RIGHT NOW THE ONLY TIME most of the young comics in Boston perform on a professional stage is when they’re at the Comedy Studio. The rest of the time they’re playing boutique shows, some held at bars like the Middlesex, others at unconventional venues like the Howard Johnson Hotel in Fenway and the Out of the Blue Gallery in Cambridge. These events can be extraordinarily funny and inventive, and one feels a real sense of community when attending them. But for serious comics intent on making a career in stand-up, they are not enough: A person can only get so good playing to a handful of friends and acquaintances, and to learn how to command a room of strangers, you have to log a lot of time in rooms full of people who aren’t particularly inclined to laugh at your jokes.
Will Laugh Boston be the place where Boston’s best and brightest get that chance?
John Tobin, who’s in charge of booking, promises it will be. “Our initial plan is to have shows Tuesday through Saturday. There’s going to be plenty of room for all kinds of people,” he says. “These younger girls and guys — we’re not going to forget about them.”
Even so, Tobin will be the first to admit that, while he can rattle off the names of a dozen under-30 Boston comics he likes, his taste runs more toward the traditional stuff. As one person put it — off the record, for fear of offending Tobin — he “tends to like your older brother’s comedians.” This is borne out in Tobin’s vision for Laugh Boston, which he says will be a “home away from home” for local veterans like Sweeney, Clarke, Gavin, and Tony V. Once a week, he says, there will be a whole show dedicated to them at the club under the banner of “Boston Legends,” and sometimes they’ll be booked as headliners on Friday and Saturday nights.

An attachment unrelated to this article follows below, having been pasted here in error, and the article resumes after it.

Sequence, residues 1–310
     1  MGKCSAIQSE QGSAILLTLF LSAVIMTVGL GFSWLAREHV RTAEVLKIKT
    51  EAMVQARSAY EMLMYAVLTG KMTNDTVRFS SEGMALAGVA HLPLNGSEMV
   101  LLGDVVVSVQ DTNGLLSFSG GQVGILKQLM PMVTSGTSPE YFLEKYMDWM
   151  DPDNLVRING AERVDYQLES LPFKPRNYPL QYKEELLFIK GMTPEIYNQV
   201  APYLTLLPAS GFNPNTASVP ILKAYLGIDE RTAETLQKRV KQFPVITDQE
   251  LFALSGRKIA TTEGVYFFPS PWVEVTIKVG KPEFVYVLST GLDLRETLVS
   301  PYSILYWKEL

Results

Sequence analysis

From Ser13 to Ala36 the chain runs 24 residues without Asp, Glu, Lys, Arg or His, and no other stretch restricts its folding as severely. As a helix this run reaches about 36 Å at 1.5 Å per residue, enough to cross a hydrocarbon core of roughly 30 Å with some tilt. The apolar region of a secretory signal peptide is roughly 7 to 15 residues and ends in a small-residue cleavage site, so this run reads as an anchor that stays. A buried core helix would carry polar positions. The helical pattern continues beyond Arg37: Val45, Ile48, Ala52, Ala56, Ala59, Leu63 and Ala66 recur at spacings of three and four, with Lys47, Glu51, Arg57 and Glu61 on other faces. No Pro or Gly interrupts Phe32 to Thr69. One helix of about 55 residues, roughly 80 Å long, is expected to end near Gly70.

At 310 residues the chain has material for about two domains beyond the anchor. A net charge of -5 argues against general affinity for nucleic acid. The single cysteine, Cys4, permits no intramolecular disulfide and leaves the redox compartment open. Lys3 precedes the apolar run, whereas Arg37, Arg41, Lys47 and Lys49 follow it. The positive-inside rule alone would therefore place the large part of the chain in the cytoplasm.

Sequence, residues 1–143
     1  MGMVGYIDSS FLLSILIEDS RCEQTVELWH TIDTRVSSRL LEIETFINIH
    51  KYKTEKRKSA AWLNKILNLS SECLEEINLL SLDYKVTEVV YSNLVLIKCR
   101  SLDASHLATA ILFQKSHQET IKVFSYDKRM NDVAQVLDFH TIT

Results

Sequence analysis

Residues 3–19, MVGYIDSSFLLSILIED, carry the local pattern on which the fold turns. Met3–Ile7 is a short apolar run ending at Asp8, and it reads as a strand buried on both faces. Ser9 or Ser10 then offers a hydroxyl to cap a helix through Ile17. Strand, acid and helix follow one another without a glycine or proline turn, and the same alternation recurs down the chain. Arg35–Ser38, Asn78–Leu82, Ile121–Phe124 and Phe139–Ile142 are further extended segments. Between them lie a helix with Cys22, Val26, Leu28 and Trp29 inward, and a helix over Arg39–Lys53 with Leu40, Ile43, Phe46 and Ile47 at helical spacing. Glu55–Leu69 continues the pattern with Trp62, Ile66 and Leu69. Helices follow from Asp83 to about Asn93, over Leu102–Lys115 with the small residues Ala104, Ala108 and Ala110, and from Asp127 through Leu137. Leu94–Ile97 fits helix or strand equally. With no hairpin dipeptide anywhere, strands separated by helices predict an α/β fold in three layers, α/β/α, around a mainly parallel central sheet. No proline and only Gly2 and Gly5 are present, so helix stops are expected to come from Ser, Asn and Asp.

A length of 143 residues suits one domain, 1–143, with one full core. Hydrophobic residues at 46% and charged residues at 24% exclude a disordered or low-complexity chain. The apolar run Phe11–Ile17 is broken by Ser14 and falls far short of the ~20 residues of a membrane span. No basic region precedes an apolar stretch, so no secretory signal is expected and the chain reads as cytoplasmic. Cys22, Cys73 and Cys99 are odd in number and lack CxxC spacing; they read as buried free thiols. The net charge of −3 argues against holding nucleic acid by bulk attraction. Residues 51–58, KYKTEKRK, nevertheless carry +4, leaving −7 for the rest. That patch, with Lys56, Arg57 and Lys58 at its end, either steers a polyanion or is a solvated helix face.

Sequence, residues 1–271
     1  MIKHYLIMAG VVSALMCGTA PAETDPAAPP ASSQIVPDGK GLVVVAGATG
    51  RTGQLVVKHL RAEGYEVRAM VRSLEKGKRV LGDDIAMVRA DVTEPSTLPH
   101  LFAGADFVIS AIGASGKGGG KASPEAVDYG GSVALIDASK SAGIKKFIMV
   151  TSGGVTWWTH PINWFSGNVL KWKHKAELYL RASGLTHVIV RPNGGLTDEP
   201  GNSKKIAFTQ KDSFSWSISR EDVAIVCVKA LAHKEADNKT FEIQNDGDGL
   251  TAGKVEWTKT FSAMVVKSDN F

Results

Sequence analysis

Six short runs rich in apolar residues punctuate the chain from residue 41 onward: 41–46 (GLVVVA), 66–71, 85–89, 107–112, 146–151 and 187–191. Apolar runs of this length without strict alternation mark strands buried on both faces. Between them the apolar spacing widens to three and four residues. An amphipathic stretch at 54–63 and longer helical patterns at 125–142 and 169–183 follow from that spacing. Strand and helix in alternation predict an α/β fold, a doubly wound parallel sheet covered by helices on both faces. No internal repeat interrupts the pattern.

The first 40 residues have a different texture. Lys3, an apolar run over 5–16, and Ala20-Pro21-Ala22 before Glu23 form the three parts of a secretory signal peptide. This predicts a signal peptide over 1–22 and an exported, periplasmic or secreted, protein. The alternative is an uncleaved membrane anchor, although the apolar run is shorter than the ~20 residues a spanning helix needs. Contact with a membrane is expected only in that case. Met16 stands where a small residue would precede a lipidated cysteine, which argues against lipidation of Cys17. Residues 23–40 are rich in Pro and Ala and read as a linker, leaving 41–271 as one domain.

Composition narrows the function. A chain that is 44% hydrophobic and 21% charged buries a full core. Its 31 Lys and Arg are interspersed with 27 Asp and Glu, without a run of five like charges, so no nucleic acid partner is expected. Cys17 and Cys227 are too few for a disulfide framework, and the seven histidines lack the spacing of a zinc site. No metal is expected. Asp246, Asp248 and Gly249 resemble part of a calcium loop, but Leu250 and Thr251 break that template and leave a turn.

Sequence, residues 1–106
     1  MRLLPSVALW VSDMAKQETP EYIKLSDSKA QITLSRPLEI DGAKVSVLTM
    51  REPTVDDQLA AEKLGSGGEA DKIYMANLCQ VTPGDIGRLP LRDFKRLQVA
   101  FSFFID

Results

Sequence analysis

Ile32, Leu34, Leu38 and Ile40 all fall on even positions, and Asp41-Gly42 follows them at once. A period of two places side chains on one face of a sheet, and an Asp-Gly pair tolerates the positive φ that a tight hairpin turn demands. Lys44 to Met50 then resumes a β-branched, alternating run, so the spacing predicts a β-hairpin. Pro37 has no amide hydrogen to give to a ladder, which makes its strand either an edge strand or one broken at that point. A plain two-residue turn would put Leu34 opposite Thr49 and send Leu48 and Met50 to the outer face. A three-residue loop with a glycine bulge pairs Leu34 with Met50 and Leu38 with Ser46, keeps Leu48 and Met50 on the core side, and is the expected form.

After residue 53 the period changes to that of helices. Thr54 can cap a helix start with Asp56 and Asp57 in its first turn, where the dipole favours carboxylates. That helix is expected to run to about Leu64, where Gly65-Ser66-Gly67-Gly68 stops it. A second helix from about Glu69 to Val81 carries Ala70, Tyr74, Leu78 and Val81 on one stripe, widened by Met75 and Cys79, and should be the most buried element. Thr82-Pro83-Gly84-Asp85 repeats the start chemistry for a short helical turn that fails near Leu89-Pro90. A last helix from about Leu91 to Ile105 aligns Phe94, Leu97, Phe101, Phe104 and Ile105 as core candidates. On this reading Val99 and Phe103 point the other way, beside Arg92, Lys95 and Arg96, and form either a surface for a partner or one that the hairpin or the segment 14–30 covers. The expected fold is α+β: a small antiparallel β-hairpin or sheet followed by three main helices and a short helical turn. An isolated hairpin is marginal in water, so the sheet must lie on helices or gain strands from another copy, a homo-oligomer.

That’s not an encouraging sign for the city’s young experimentalists. But there is reason to be hopeful. Whatever Tobin’s personal taste, the fact is his latest claim to fame has been rehabilitating and rejuvenating Nick’s Comedy Stop, the small and long-suffering downtown club that was positively falling apart before Tobin was hired in 2009 to fix it up. Though headlining spots at Nick’s still often go to veterans like Gavin and Sweeney, Tobin has made a point of taking chances on younger stand-ups like Lamont Price, who is 30, and Jenny Zigrino.
Of course, the kind of club Laugh Boston will turn out to be may be largely determined by the kinds of fans who walk in the door. “At the end of the day, they have to do what’s right for them in terms of ticket sales,” said Mehran Khaghani, 36, one of the area’s most well-established young comics. “This isn’t a modest financial undertaking, and if Steve Sweeney is going to sell 300 seats while a lineup of five of the best-loved up-and-comers is only going to sell 80 . . . Nobody expects Tobin and Co. to sink the ship so that the new kids can develop.” Given Laugh Boston’s location on the waterfront, amid upscale hotels, expensive restaurants, and the convention center, Tobin expects to draw everyone from traveling businesspeople to young hipsters from Southie. Comedy, he says, is enjoying a fertile moment in America, and Laugh, as he’s taken to calling the club, is going to be Boston’s ticket to the party.
“It’s happening everywhere,” Tobin says. “There’s a whole group of comedians out there that are too big for Nick’s and too small for the Wilbur. And that’s who we’re looking at. People on the way up, people on the way down.”
Leon Neyfakh is a staff writer for the Globe’s Ideas section. E-mail him at firstname.lastname@example.org.